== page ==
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2 Serbian embassy employees abducted in Libya

Belgrade has not yet received any information from the kidnappers
A militia alliance overran Tripoli in August 2014, establishing a rival government and forced the internationally recognised administration to flee (AFP)

Two Serbian embassy employees, a man and a woman, were abducted in Libya's coastal city of Sabratha on Sunday while they travelled in a convoy to Tunisia, Serbia’s government said.

Foreign Minister Ivica Dacic said the convoy was carrying Serbia's ambassador to Libya in a separate car during the incident. The city is located about 100km from the main border crossing between Libya and Tunisia.

"Some shots were fired, one Libyan citizen was wounded in a leg, according to first reports," Dacic told the national RTS broadcaster.

"We have no information about who the kidnappers are. Nobody has contacted us to demand anything. We are following the situation," he said, adding that the government established a crisis committee.

Reuters quoted an unamed Serbian government official in Belgrade, who said, "It appears it was an ambush, a shooting."

Dacic said he had alerted the Serbian prime minister about the missing employees.

A ministry statement identified the abducted pair as Sladjana Stankovic, in charge of embassy communications, and Jovica Stepic, a driver.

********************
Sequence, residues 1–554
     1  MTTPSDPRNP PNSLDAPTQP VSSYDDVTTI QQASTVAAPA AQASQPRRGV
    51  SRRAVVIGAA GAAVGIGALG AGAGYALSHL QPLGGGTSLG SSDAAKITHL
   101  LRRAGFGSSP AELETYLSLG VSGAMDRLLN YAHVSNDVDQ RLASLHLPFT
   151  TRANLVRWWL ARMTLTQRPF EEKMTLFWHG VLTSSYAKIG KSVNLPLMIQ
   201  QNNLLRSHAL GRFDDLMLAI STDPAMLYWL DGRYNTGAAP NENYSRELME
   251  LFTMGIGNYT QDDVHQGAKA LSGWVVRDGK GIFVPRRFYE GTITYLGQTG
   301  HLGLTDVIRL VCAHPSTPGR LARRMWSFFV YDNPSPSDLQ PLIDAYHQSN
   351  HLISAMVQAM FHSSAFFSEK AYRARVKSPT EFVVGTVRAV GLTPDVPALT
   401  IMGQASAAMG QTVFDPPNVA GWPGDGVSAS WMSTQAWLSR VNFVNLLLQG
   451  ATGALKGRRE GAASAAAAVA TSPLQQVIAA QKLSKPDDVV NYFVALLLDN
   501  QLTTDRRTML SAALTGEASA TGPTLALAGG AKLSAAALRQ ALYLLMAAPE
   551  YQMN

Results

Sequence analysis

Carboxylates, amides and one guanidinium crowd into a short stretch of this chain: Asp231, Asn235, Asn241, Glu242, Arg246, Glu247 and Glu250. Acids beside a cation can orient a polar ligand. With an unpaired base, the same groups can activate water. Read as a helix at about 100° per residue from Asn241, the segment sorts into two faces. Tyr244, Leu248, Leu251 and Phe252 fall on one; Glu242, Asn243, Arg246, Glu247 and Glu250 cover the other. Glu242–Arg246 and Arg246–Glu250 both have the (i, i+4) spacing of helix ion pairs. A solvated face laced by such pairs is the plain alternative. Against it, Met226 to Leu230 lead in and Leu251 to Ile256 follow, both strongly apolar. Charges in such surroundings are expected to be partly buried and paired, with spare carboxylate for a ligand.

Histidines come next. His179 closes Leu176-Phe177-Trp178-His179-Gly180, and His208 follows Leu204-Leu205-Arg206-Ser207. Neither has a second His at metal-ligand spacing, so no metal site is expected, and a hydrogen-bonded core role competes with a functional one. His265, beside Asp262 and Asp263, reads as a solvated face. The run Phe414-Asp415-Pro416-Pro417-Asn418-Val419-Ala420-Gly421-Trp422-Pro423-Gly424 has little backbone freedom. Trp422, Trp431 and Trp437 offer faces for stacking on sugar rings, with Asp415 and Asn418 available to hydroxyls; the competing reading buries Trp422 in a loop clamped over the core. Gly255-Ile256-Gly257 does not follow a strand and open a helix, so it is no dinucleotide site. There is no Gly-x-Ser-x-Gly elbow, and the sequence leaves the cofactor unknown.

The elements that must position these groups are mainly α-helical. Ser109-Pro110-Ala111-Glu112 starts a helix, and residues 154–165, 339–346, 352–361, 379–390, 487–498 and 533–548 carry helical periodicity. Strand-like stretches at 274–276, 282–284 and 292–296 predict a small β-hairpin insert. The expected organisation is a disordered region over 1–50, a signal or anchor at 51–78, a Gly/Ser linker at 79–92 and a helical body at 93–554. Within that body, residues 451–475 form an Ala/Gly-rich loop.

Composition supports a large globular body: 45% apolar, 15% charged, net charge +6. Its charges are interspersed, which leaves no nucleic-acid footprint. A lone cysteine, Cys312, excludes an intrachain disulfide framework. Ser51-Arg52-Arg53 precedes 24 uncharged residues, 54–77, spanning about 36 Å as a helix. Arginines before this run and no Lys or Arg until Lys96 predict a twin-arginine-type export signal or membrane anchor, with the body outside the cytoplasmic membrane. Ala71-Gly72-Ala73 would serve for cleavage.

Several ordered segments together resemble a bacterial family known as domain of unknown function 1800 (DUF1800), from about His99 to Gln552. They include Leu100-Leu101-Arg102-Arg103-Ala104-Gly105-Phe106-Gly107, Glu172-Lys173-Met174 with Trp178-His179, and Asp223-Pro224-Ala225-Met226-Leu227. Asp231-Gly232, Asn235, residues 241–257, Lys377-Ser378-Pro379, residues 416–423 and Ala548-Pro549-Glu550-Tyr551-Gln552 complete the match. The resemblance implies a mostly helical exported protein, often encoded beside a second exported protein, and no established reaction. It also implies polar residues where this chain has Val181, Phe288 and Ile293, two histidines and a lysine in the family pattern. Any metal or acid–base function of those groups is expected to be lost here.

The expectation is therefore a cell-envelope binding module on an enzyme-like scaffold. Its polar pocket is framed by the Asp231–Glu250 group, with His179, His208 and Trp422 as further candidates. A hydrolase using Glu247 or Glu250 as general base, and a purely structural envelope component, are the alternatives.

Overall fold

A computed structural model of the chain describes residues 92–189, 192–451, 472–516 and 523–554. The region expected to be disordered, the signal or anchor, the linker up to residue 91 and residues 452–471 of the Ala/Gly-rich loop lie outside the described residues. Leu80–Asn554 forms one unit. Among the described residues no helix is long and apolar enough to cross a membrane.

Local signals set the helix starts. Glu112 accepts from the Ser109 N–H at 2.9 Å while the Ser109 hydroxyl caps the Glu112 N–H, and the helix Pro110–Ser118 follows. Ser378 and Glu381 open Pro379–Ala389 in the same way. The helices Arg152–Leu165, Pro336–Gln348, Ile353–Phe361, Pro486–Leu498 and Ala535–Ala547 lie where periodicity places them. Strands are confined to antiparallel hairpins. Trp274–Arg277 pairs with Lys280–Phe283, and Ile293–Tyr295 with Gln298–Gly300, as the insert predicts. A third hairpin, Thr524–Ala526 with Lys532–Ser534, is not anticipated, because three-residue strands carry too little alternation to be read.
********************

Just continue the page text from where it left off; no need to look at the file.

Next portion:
"The attackers first provoked an accident, hitting the embassy car from the back, so when the driver got out to see what had happened, they literally dragged him into one of their cars," Ambassador Oliver Potezica told Serbian state news agency Tanjug.

The masked attackers then asked Stankovic to get out and into their car before speeding off, Potezica said, adding that one attacker had opened fire on a Libyan citizen in the convoy and hit him in the leg.

Sabratha is considered a bastion for religious hardliners in lawless Libya, which has become a magnet for radical militants.

A commander in the Sabratha Military Council, a militia alliance that controls Tripoli, told AFP "all security branches are on full alert in the city since the Serbians were abducted".

"There are checkpoints everywhere, and we are looking for them. We have also alerted neighbouring cities and areas and asked them to set up new checkpoints," he said.

"We think that they are still in Sabratha anyway."

Libya descended into chaos after the October 2011 ouster and killing of longtime dictator Muammer Gaddafi, with two governments vying for power and armed groups battling to control its vast energy resources.

A militia alliance overran Tripoli in August 2014, establishing a rival government and parliament that forced the internationally recognised administration to flee to the country's remote east.

Belgrade maintains an embassy in Tripoli and Serbian citizens, mostly doctors and other medical staff as well as construction workers, have been working in Libya for decades due to close bilateral relations during Gaddafi's regime. 

The Serbian foreign ministry statement said it was doing "everything possible, in a difficult situation on the ground, to get more information and ensure the return of our citizens".

It added that Dacic had spoken with his Libyan counterpart about the abductions, although it was unclear whether it was the foreign minister of the Tripoli-based administration or of its rival in eastern Libya.

Sabratha is on the edge of a region known as "Jefara", which analysts say is home to formerly nomadic tribes that make a living from smuggling and trafficking.

In June, after a Tunisian student armed with an assault rifle mowed down 38 tourists at a beach resort in his country, Tunisia's secretary of state for security said the shooter had been trained in Sabratha.

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